Adding the awning is supposed to be a two man job. However, as I fitted this during Covid19 lockdown I wasnt supposed to mix with anyone. This meant fitting it on my own (or waiting for some weeks).
Weight: The F80 S weights 51kg which is heavy enough, however, its also 4 meters long so its awkward to maneuver.
Kit Type and Size: The kit I used was for the Peugeot/Fiat/Citroen Model (After 06-2006) With a Roof height – H2 (2,524 mm) Length – L4 (6,363 mm) Kit Type F80S 400 and the fitting kit number was 98655-904.
How to fit yourself (as a one-man job). With a 4 meter long awning weighing 51kg then walking this up a ladder may be difficult. The way I was able to get the kit onto the roof was fairly simple and not difficult at all. I left the kit inside its packing box and decided only to unpack once it was on the roof of the van this prevented it scratching the vehicle during the lift. I reversed my vehicle so that it was about 8 foot from a tall wall (my house) I placed a ladder against the wall and stood the kit upright against the back of the vehicle (opp the rear doors). I took the end of the kit (box) that was on the floor and walked it up the ladder with the box resting on the edge of the roof, then sliding it fully onto the roof. Its not as difficult as it sounds. It took me less than 2 minutes to get it onto the roof and about half the weight was supported by the van. Once the kit is on the roof you can remove the cardboard packaging. Support the awning on some of the packaging material or it will scratch your van roof.
Below: The awning is on the roof for the first time now its time to add the brackets.
Below: I decided to fit the first bracket and add a plumb line. Pay attention as each bracket (there are 3) goes in its own place, you cannot mix them. I haven’t added any Sikaflex at this stage because I dont know whether these brackets will need adjustment. Its very important that the brackets are aligned and also important that they are at the same height.
Start by adding the Front and Rear Bracket first then add the centre bracket.
Below: Make sure you use SikaFlex 252 (not 512)
Below: Apply plenty so that the bracket can bed-down onto the Sikaflex
Below Make sure the surface is clean but also completely dry and not damp: I added masking tape to keep the area neat before adding Sikaflex but also because I was working in October and I was just around the minimum recommended temperature for using Sikaflex. There had been rain earlier in the day and I had an opportunity were the weather changed and the sun came out. I made sure the surface was completely dry. A good way to check is to use masking tape. Masking tape hates the damp, it easily comes off on damp surfaces. By using this tape I could see it stuck well and that suggested the surface was bone dry (fully dry).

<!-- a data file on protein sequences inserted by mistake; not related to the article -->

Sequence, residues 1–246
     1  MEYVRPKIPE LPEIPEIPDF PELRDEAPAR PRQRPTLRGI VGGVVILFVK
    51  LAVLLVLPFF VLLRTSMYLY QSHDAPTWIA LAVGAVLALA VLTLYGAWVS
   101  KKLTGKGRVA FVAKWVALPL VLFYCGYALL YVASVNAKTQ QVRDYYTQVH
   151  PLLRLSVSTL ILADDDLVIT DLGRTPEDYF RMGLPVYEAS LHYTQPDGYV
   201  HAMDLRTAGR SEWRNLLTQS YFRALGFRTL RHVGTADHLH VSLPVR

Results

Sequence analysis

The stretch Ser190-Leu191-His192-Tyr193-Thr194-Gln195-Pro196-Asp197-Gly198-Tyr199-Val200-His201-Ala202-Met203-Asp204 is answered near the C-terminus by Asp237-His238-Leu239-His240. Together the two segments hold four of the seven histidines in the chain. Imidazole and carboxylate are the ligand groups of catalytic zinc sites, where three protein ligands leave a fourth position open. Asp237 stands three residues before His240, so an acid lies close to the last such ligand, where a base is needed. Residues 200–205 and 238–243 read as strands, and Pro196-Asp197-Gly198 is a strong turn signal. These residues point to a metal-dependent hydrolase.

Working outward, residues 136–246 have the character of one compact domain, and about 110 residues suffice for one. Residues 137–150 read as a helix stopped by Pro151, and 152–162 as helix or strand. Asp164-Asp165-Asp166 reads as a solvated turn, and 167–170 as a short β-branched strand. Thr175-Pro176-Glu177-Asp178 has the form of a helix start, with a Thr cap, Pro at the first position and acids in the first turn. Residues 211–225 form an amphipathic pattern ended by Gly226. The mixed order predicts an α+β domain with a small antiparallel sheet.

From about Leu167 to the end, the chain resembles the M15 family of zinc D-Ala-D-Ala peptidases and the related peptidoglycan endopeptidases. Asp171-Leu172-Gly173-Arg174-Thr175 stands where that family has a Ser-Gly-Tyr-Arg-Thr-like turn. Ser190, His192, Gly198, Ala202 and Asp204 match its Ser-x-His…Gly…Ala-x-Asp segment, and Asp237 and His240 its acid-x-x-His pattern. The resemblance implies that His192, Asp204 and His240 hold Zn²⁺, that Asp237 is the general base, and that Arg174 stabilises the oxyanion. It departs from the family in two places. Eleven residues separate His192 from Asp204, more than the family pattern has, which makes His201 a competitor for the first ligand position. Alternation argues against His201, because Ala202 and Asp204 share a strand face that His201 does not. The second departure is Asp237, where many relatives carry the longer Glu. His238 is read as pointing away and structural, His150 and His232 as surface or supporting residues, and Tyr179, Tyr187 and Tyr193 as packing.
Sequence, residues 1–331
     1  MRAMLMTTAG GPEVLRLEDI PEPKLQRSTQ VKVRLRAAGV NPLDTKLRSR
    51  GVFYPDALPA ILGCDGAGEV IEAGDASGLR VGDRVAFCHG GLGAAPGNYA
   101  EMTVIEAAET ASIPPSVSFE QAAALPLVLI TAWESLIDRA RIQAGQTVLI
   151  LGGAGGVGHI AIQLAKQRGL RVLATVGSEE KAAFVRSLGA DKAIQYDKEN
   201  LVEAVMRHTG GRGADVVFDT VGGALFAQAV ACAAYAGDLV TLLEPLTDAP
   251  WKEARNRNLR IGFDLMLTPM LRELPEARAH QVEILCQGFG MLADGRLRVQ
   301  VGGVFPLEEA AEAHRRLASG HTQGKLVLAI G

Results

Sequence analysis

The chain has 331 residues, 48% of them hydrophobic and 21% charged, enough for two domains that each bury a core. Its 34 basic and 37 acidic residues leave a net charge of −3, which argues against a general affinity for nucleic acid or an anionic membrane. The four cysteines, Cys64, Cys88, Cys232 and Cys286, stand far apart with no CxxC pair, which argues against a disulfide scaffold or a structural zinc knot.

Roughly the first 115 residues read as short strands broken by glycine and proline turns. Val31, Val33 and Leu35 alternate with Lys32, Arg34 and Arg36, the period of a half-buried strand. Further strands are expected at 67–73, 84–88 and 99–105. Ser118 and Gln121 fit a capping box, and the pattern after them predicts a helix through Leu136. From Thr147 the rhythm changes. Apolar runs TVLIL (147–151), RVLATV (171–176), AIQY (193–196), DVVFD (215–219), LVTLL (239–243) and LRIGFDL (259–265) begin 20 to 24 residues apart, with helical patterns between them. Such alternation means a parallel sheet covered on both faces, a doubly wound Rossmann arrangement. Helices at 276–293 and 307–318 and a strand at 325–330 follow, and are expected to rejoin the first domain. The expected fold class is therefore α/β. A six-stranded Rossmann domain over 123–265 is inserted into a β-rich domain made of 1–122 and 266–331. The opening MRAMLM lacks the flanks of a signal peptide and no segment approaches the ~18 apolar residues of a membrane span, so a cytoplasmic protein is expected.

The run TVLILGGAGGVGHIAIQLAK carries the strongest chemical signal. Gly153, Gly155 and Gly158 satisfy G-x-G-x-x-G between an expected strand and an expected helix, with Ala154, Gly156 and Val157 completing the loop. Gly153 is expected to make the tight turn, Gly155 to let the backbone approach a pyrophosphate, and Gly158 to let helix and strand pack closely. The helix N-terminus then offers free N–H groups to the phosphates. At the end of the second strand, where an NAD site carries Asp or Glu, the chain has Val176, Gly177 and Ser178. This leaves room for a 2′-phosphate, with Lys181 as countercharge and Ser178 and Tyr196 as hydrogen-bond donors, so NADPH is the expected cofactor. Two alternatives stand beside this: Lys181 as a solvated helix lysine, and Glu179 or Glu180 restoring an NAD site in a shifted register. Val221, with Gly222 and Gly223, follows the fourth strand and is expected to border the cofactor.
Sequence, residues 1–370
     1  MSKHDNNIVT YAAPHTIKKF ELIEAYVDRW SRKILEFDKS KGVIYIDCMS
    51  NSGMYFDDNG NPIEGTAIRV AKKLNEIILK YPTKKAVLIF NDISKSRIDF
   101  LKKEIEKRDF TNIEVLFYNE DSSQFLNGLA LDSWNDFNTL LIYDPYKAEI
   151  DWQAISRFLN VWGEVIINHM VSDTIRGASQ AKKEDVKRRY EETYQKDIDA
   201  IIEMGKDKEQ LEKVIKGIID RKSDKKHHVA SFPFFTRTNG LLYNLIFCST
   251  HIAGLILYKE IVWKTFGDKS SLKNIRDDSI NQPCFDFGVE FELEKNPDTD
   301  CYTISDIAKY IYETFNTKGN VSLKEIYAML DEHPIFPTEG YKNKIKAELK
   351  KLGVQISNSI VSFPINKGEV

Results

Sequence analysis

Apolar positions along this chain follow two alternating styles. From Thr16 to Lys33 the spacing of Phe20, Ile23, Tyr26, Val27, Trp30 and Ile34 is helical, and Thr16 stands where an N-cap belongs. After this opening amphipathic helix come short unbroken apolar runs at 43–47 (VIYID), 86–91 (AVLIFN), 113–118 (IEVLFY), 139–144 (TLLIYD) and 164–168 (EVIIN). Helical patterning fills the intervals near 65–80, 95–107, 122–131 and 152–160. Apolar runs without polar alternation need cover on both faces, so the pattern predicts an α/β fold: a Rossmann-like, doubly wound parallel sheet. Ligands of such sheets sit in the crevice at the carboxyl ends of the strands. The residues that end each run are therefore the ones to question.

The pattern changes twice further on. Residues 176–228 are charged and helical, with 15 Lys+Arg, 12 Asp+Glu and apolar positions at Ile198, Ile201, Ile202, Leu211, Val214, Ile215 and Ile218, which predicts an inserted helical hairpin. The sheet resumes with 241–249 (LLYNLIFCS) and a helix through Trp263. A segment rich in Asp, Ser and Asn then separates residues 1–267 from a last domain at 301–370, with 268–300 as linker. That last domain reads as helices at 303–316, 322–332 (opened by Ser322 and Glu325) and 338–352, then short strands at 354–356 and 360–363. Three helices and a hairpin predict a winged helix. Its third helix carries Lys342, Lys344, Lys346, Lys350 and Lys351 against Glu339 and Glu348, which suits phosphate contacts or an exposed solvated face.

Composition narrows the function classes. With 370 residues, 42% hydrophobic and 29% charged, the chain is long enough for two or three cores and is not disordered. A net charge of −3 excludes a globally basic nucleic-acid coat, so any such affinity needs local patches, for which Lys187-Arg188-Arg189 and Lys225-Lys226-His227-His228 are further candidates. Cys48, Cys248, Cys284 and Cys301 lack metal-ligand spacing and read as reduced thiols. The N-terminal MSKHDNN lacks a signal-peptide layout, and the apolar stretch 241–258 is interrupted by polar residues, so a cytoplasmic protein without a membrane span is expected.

Should I wait for the Sikaflex to become firm? I didn’t want to add the Sikaflex then tighten the brackets down hard only to find that the Sikaflex squirted out at the sides leaving a very thin layer. I was unsure whether to leave the Sikaflex to stiffen and to tighten the brackets later. When I applied the Sikaflex to the brackets I noticed it was very dense (thick), perhaps this was because the weather was cold so I decided to tighten the brackets to see how well it “stayed-put” (stayed in place) under the brackets or whether most of it would be pushed out under pressure. What I found was that the majority of the Sikaflex stayed in place, even under high pressure. This gave me confidence to tighten the bolts. I prefer this method because if left too long then the Sikaflex could become “rubber like” and make the brackets too high thus making the awning not level and possibly unstable.
Below: Now that the Brackets are fitted and the Sikaflex added its time to check that each bracket is aligned correctly using the plumb-line.
Below: I wasn’t planning to fit the awning until the Sikaflex had fully cured (dried). But it didn’t make any difference because the brackets had been fully bolted down and were not going to move any further. I did see someone on Youtube that hadn’t aligned one of the brackets correctly and he had an awful time trying to remove the bracket. So much so that he damaged a bracket and van roof removing it (not something I wanted to do). This shows just how strong Sikaflex 252 is. Once its on, it isn’t coming off.
Below: I am glad I fitted the awning when I did rather than leaving the Sikaflex to fully dry overnight and fitting the awning the next day. In fact I dont plan to use the vehicle for two days so that I can be 100% sure everything is fine (some recommend you dont use the vehicle for 24 hours). By fitting the awning whilst the Sikaflex wasn’t fully dry gave me the satisfaction of knowing that if I had made an error I could correct it and remove. Some people have fitted the brackets then tried to fit the awning the following day only to find they didn’t align the brackets correctly. I felt it better to avoid this mistake.